Alan Dunn, artists' collective Re-Dock & David Jacques with the Bootle and Seaforth communities around the Leeds & Liverpool Canal, with New Heartlands / Liverpool Biennial, April 2008 - September 2009
Going back to the Canal (with nostalgia): Alan Dunn
In April 2008 during a research trip to Dresden with tenantspin, Paul Kelly and myself began to devise the notion of CANAL& for the Leeds-Liverpool Canal, primarily in the Bootle and Seaforth areas.
Since 2001 we have collaborated on many projects exploring differing ways of engaging fairly large numbers of people in forward-looking creative activity; tenantspin, 36 Compositions for a Woolton Jukebox and MOTTO for a future St.Helens.
I had the logo of French TV Channel CANAL + on my wall …. the Canal plus something else ….. the bringing of some European sensibility to Bootle, just as Liverpool Biennial was looking to do. In the early 1960’s poet Frank Kuenstler had set up a magazine called Bread & …. CANAL& ….
We wanted a structural project, knowing that moments of magic break through the cracks in well structured projects.
We wanted to ask questions such as:
Could someone write a Number 1 hit about the Leeds & Liverpool Canal?
- Is Bootle-born Jamie Carragher scared of new ideas?
- Was Billy J Kramer from Bootle?
- What if we just cemented the Canal in?
- Could we get the Canal into a film scene?
We would work with Re-Dock from Day 1 on devising new methods for ‘delivering workshops’; we would encourage thousands of locals to suggest activities or alterations for the Canal; for ease, we would sub-divide these into work, rest and play. We would encourage people to be serious, inventive or frivolous.
The resulting suggestions would be roughly collaged, Heartfield style, and presented back to the public; we would strive to make as many as possible come true.
Community Art in Bootle
I had worked in Bootle and Seaforth in the mid-1990’s (mural pic above) in the aftermath of Bulger, working with hundreds of Primary School children on murals, some of which remain, albeit faded. The pupils who helped paint those jungle and solar scenes would now be in their mid-20’s and we were asking some of them to think about their locale instead of faraway jungles. Well, we were asking them to think about jungle, but to think of having them on their doorstep this time.
Connections and signs
As Re-Dock began working with community groupings, including local Boxing Clubs, they started re-mapping the Bootle and Seaforth areas through personal connections people were volunteering. We started on the first day with some recent graffiti at Pennington Bridge (Susie + Dave 2003) and pushed peoples’ specific connections with the Canal, rather than the generic ones that everyone knows (eg the World War II bomb that fell).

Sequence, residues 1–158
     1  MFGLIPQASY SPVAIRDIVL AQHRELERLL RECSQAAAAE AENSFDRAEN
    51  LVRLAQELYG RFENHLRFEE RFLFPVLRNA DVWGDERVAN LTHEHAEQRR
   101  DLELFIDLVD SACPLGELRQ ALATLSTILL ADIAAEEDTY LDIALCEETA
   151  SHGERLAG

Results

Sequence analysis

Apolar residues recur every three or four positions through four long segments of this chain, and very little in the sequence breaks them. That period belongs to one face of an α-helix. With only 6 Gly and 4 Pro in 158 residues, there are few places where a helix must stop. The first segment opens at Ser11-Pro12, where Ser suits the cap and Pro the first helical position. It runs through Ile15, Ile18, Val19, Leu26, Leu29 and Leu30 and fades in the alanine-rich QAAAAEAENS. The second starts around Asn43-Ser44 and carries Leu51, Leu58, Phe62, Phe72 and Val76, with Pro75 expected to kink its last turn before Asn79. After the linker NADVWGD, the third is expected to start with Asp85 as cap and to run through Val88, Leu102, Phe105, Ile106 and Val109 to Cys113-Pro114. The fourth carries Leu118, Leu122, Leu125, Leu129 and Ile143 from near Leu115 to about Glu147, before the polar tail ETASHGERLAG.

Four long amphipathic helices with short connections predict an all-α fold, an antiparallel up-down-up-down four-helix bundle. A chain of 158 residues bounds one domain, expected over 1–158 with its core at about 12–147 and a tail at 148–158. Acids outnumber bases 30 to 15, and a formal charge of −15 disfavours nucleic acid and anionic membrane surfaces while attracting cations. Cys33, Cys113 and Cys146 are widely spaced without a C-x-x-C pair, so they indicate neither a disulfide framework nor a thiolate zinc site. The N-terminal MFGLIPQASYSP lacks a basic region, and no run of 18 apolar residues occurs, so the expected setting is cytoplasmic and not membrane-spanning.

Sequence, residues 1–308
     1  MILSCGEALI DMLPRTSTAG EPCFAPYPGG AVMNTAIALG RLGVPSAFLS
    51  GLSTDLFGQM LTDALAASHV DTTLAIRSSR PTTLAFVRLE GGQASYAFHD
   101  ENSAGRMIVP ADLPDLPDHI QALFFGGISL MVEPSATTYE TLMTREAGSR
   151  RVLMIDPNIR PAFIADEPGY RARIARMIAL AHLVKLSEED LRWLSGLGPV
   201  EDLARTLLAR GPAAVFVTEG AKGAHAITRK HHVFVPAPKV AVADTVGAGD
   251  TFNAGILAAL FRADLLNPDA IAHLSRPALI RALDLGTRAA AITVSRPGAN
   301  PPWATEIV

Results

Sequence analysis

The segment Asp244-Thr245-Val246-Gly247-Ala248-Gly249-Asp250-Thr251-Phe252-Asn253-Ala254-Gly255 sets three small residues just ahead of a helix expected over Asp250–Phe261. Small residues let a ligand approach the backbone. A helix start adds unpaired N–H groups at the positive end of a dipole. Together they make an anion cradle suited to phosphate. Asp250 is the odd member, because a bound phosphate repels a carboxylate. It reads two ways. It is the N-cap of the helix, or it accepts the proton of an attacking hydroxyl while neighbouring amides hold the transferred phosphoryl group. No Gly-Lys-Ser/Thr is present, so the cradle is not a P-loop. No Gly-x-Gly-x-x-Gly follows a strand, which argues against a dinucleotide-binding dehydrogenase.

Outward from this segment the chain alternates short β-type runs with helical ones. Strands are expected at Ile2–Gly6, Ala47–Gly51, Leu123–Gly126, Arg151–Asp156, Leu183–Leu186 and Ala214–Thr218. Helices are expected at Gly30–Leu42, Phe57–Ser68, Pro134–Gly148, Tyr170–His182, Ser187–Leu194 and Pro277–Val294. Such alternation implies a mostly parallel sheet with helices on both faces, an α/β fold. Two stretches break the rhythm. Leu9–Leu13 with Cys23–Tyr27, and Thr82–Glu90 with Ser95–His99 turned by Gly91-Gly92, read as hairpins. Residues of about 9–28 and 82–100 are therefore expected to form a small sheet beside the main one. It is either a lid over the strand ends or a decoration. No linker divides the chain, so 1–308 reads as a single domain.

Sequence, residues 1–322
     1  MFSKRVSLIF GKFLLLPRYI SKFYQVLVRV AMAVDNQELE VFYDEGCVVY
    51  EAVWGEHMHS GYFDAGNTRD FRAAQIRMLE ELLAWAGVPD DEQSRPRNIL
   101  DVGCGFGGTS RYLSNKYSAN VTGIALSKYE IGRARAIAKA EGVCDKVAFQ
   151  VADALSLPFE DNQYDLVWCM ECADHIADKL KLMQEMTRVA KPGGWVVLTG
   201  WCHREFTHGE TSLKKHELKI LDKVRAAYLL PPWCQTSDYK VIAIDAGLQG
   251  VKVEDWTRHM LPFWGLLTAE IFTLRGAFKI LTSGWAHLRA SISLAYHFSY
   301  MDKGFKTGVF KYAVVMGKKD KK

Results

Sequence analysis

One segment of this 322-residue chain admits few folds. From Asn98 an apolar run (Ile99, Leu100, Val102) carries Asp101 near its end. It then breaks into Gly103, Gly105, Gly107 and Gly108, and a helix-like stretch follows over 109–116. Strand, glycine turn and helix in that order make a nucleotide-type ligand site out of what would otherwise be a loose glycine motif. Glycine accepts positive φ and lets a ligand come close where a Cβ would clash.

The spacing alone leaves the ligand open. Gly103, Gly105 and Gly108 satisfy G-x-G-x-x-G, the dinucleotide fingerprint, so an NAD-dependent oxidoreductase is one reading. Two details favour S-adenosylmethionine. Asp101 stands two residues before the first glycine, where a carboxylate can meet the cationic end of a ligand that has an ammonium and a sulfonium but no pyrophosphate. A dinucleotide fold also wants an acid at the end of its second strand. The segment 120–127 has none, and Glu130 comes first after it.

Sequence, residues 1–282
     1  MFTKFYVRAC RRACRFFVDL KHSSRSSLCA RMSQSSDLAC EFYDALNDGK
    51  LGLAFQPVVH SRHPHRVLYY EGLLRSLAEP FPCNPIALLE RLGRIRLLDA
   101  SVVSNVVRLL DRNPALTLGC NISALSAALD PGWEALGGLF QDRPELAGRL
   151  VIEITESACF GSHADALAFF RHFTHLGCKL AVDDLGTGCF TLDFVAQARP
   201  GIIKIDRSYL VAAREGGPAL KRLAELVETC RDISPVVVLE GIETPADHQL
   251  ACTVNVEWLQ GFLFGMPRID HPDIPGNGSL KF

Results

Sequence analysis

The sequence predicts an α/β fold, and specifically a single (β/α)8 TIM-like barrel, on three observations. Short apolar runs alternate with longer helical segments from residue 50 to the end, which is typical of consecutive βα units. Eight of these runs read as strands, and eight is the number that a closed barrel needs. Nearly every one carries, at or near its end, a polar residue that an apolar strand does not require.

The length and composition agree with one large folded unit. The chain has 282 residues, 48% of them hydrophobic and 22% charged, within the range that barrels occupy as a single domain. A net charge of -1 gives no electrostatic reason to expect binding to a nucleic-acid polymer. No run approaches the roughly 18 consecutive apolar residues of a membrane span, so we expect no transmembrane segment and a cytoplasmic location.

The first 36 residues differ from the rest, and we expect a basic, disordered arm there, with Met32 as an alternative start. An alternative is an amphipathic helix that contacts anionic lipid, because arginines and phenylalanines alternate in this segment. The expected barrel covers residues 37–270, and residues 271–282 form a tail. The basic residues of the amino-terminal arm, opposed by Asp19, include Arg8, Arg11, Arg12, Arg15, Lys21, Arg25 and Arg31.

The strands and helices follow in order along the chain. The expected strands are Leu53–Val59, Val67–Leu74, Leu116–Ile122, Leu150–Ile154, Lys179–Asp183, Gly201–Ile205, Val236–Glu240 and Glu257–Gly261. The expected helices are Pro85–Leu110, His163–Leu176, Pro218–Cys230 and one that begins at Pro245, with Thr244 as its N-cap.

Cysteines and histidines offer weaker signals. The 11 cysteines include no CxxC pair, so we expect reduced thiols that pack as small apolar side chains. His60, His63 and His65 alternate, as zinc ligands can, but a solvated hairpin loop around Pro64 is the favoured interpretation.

Each of these connections was initially delicately balanced with a suggestion for a future canal. The signs we developed looked like beautiful scales.
We brought around 40 of these together into a detailed set of new signage posts for the Canal, to be presented to British Waterways. These fluid designs, pointing to ideas rather than tourist spots and directing to a website as much as to a bridge, remain in limbo.
I often hark back to the Bellgrove project I set up in 1989, based on a Glasgow train station I passed every day for six years en route to Glasgow School of Art and back. I raised funds to own a billboard and installed it on the retaining wall of that station and for a year I presented 17 new hand-painted posterworks from artists and students.
There was something about being alert or creative before you actually get to one’s place of work or study.
Every week I now take the train from Liverpool to Leeds and the tracks run alongside the Canal most of the way. The speed of the train alongside the Canal vividly demonstrating why the Canals faded industrially. It look achingly beautiful at some spots, seems a shame to spoil it with barges and movement.
The guys who fish on the Canal see the fish rather than the water. See the fish rather than an artery, an artery we chose to symbolise the changes in Bootle and Seaforth. I have some doubts about creating new permanent monuments when sometimes an existing one is staring you in the face.
What’s the point?
It is satisfying to see some of the (wacky) suggestions come to fruition. I hope that in twenty years there is a regular ice cream van and the annual ‘throw your husband in’ day continues.
Slow burning projects within Festivals – discuss.
To be continued once the billboards are up, removed and remembered …
Project thanks – Paul Kelly, John, Sam, Tim and Neil at Re-Dock, Paul & Chet at Loudmouth, Jina at Titan/Primesight, Laurie at Liverpool Biennial and Laurie at Augustus Martin.
|h o m e|